A spokesman from Tecnocasa, a real estate agency in the center of the city, said while housing prices in Turin have slightly fallen this year, commercial space prices have increased 10 percent annually for the past three years, costing 3,000 to 5,000 euros a square meter, or $4,635 to $7,727 at current exchange.

Aside from giving Turin’s commercial district a shot in the arm, the Olympics reawakened the city’s cultural heritage.

This year the city carries the title of World Design Capital. Artists Michelangelo Pistoletto, Giovanni Anselmo and Mario and Marisa Merz lived and worked in Turin in the 20th century, and the city gave rise to Italian cinema. Turin also is the home of one of the world’s most important museums housing Egyptian antiquities, Museo Egizio, and boasts art galleries and a film museum.

As a result of the Olympics, Turin’s residents began to feel passionate about their city. Cristiana Tardino, the designer behind label Kristina Ti, carried the Olympic torch as part of the opening ceremony. “The character of people from this region is low profile,” she said. “We never thought we could pull off something so great as the Olympics. Most of my friends left town when the games were on, complaining about the tourists and the traffic, but those who stayed were astonished, we really were so proud. It’s like now we are going about our lives with a new energy.”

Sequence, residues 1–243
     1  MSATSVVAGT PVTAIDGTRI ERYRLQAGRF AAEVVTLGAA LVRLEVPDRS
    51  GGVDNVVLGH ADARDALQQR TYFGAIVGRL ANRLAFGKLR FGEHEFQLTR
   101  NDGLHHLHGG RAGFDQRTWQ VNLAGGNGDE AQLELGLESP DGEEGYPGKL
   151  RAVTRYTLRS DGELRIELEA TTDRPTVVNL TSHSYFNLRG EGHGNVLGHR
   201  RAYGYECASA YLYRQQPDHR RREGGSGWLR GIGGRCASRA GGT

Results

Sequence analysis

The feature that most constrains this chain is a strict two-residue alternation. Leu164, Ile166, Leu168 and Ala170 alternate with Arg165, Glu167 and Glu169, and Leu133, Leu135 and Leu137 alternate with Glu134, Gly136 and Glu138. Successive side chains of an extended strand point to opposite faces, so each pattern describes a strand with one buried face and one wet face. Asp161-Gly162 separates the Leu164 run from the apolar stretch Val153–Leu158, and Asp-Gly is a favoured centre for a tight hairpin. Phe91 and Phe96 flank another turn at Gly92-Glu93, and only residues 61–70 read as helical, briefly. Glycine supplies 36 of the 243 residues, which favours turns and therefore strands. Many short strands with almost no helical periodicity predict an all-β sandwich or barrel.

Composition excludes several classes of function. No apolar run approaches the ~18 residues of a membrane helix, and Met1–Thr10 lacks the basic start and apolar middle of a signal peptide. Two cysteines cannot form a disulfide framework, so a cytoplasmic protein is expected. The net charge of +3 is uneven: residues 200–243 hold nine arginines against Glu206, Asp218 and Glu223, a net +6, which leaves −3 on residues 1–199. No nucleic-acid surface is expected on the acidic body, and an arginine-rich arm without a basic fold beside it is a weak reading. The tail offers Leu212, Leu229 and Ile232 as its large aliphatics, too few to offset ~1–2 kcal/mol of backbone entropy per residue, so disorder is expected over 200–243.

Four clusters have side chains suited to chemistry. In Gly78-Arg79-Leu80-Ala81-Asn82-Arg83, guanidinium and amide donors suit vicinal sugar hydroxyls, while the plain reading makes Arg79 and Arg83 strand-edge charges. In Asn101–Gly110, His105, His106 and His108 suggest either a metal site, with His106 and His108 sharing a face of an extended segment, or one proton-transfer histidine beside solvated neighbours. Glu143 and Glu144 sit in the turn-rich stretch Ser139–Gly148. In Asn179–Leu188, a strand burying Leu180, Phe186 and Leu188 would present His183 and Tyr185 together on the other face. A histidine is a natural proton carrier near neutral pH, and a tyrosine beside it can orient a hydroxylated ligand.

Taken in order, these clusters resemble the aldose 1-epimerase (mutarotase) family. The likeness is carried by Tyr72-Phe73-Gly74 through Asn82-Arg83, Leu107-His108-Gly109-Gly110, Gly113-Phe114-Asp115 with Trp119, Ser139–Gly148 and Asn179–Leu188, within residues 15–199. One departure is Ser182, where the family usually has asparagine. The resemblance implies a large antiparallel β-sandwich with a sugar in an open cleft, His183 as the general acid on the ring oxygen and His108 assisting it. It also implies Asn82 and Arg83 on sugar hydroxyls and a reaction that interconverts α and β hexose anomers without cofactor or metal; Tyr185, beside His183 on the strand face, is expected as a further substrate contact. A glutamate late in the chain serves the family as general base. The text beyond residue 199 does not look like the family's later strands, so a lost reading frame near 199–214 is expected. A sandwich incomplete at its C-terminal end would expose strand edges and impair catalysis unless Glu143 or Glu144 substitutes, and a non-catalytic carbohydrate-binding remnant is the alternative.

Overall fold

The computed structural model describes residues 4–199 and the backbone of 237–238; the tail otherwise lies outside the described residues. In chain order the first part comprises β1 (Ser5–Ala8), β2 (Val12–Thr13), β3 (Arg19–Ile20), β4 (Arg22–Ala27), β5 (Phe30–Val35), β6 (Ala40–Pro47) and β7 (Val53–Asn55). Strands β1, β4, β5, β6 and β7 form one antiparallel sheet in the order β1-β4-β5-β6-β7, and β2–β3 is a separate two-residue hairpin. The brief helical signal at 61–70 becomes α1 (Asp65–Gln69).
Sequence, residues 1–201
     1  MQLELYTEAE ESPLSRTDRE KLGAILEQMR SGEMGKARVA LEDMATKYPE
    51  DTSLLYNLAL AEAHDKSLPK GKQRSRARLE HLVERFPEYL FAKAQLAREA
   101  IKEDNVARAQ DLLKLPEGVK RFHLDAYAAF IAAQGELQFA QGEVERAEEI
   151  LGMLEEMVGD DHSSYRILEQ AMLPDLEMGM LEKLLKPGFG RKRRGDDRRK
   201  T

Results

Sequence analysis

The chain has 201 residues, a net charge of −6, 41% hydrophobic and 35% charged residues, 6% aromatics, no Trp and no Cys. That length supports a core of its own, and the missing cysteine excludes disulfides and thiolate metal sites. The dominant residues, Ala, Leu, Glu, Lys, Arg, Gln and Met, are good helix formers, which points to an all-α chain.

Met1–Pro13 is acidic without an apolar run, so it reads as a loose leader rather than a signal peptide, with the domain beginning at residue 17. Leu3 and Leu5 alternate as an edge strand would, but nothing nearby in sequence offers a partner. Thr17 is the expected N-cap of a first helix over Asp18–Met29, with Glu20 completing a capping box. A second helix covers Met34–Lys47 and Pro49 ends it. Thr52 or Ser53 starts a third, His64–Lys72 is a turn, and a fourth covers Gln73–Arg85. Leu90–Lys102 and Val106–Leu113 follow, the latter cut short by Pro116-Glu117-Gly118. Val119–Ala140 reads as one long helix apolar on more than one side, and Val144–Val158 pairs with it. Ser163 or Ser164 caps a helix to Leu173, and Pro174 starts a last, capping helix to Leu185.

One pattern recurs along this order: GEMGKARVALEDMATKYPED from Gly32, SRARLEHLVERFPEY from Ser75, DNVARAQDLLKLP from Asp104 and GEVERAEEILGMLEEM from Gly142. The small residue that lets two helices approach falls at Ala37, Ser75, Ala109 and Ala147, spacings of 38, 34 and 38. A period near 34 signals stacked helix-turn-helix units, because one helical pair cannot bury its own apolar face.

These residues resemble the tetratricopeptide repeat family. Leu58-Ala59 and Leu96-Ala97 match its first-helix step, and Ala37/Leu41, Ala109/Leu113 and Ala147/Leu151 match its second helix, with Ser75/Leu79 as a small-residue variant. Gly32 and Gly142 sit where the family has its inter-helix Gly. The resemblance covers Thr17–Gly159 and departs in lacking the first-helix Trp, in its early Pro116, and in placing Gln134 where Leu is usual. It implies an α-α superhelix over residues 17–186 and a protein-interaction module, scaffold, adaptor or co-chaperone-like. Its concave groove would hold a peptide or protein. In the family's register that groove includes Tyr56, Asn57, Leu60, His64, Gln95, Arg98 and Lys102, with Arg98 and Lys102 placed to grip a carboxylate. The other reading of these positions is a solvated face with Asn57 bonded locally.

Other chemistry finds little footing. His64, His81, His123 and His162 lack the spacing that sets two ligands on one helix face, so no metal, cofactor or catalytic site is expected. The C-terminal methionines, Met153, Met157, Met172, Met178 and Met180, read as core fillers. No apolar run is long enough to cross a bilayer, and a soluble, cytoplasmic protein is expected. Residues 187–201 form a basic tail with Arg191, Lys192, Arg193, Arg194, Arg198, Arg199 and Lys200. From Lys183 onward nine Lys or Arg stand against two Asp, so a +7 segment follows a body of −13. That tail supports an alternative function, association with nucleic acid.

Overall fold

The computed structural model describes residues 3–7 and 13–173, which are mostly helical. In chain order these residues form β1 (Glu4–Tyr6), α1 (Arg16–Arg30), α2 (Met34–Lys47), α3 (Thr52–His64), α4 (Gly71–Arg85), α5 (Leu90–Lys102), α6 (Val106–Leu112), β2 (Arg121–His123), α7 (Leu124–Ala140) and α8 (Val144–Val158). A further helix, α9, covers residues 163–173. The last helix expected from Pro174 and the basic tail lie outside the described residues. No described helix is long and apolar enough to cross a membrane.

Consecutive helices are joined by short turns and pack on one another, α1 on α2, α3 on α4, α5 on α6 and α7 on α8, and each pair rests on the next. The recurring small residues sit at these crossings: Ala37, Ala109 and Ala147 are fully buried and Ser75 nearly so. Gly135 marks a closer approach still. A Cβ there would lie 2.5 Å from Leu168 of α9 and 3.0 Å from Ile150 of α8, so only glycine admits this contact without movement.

The Olympics also attracted a new wave of tourists. According to Turismo Torino, in 2006 around 5.1 million people visited the city, 36 percent of them foreign. Though last year’s figures weren’t available, Patrick Hoffnug, director of Turismo Torino, said the city managed to retain the high visitor numbers. “The type of tourist who visits the city has changed, they aren’t here to eat and retire to their hotel rooms,” he said.

Licia Mattioli, a jewelry designer and another Turin Olympic ambassador said, “The city is undergoing a tourist reawakening, it’s not been like this in 50 years. The Olympics whipped it into shape and in these past two years we are trying to keep those changes going.”

Many said changes began when Fiat, the economic engine of the region, fell into crisis in the Nineties.